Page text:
Sorry, I've never read descriptions of them, except in comparison with Khazad-dum. These always describe Khazad-dum as being the most magnificent Dwarven mansion.Better ask Val if he might know....
I think that Mengroth was supposed to e the most beautiful place that the dwarves ever built in all ages ...The halls are supposed to be gigantic and covered with jewels and diamods.
I agree with Florian on this one, mainly because Tolkien did describe as being so. Beauty, however is often in the eye of the beholder. A dwarf would possibly find Kazad-dum more majestic the Menegroth, while an elf would prefer the latter. What you have to remember, Aule, is that while the Dwarves built Khazad-dum alone, Menegroth also had elven input too. The Dwarves helped with the stonework, but it was made to an elven design.I don´t think that Menegroth was the most beautiful place they ever built....I think it was Khazâd-Dum.....why would an elven king rule over their best work? that´s why I think that Khazâd-Dum is the most beautiful place they ever made!
Unfortunately I cannot give similar descriptions for Nogrod or Belegost.Therefore the Naugrim laboured long and gladly for Thingol, and devised for him mansions after the fashion of their own people, delved into the earth. Where the Esgalduin flowed down, and parted Neldoreth from Region, there rose in the midst of the forest a rocky hill,and the river ran at its feet. There they made the gates of the hall of Thingol, and they built a bridge of stone over the river, by which alone the gates could be entered. Beyond the gates wide passages ran down to high halls and chambers far below that were hewn in in the living stone, so many and so great that that dwelling was named Mengroth, the Thousand Caves.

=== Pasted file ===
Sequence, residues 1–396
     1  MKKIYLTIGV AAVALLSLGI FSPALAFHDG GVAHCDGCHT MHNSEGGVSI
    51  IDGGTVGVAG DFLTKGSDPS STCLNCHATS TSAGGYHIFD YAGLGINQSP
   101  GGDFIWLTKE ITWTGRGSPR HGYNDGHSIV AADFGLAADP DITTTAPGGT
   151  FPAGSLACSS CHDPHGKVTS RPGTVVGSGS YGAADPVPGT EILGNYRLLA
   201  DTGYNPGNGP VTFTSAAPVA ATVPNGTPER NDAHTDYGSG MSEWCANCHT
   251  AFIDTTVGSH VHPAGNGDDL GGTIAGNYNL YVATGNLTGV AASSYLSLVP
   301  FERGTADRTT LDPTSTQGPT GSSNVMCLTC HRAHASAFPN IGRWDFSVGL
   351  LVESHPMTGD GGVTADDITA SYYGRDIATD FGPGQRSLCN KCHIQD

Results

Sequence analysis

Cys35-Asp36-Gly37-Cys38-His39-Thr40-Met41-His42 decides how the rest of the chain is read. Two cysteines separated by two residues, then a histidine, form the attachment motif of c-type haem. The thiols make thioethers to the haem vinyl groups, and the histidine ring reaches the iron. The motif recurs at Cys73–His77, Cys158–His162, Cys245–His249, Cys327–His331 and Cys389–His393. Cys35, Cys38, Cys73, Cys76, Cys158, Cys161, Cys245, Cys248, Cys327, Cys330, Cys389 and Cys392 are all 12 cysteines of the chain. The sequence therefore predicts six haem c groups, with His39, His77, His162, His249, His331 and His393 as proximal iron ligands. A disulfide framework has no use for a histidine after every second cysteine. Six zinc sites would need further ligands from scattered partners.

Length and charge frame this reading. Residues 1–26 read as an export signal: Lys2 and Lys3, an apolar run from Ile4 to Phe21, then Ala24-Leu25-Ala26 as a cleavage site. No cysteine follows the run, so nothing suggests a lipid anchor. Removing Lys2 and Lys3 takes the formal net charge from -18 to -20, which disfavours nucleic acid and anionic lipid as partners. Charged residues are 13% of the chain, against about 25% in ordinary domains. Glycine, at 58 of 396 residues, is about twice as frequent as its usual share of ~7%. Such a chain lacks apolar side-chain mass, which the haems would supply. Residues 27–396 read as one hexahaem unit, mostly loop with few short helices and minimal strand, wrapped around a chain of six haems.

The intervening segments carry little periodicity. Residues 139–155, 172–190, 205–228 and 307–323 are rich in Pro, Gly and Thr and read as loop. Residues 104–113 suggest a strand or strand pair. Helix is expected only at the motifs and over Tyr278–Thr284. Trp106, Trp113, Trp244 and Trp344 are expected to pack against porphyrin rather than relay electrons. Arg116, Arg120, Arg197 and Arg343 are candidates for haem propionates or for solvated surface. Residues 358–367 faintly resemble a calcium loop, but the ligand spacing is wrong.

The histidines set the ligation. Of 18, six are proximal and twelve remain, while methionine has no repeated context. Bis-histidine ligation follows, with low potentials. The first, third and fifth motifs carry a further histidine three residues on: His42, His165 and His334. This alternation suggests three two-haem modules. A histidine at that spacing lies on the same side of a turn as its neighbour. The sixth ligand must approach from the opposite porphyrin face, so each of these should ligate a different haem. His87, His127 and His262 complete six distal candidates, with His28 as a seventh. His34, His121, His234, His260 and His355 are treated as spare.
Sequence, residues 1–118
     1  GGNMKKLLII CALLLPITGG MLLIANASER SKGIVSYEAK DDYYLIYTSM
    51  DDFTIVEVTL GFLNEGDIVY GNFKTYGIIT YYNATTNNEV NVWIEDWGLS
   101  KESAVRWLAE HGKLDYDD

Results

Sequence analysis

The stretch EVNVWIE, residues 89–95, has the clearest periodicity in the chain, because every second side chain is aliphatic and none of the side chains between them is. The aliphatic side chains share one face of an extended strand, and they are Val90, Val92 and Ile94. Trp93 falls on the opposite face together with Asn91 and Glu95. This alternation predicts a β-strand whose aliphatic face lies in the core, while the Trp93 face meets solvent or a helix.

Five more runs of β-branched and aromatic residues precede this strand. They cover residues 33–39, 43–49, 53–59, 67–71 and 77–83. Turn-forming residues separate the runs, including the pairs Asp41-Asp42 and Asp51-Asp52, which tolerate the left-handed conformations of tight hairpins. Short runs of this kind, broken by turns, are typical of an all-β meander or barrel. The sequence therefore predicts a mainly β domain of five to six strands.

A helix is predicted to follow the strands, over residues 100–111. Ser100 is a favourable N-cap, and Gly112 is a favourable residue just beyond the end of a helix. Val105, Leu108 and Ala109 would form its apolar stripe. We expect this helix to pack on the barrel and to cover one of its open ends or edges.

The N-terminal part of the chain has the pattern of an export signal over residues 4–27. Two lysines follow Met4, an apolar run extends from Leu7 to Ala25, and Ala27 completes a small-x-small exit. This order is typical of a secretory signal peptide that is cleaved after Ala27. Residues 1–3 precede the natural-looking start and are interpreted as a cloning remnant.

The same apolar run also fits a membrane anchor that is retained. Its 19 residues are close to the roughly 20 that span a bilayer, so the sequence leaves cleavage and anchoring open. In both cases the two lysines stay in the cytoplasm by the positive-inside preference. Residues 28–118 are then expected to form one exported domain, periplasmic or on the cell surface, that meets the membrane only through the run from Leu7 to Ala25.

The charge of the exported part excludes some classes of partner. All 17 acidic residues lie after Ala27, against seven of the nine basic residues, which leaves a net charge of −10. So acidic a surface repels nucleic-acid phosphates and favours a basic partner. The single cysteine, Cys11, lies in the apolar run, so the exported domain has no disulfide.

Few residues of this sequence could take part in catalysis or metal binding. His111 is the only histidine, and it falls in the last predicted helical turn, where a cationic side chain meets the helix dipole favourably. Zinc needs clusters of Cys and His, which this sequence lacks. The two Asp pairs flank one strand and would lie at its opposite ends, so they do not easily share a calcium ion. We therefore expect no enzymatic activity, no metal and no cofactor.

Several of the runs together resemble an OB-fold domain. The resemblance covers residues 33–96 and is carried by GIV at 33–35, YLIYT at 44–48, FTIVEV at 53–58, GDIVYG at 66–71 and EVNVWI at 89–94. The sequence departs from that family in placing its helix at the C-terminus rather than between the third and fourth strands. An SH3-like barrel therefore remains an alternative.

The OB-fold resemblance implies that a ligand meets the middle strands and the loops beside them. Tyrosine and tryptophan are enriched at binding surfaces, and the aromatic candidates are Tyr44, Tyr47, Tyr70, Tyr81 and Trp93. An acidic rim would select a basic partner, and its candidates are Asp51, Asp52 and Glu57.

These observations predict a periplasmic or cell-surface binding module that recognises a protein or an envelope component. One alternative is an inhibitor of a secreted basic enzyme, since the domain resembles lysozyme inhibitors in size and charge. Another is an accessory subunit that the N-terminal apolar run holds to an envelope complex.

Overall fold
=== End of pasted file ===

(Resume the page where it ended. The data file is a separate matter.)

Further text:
But the Elves also had a part in that labour, and Elves and Dwarves together, each with their own skill, there wrough the visions of Melian, images of wonder and beauty of Valinor beyond the sea. The Pillars of Menegroth were hewn in the likeness of the beeches of Orome, stock,bough, and leaf, and they were lit with lanterns of gold. The nightingales sang there as in the gardens of Lorien; and there were fountains of silver, and basins of marble, and floors of many coloured stones. Carven figures of beasts and birds there ran up the walls, or climbed upon the pillars, or peered among the branches entwined with many flowers, And as the years passed Melian and her maidens filled the halls with woven hangings wherein could be read the deeds of the Valar, and many things that had befallen in Arda since its beginning, and shadows of things that wer yet to be. That was the fairest dwelling of any king that has ever been east of the Sea.
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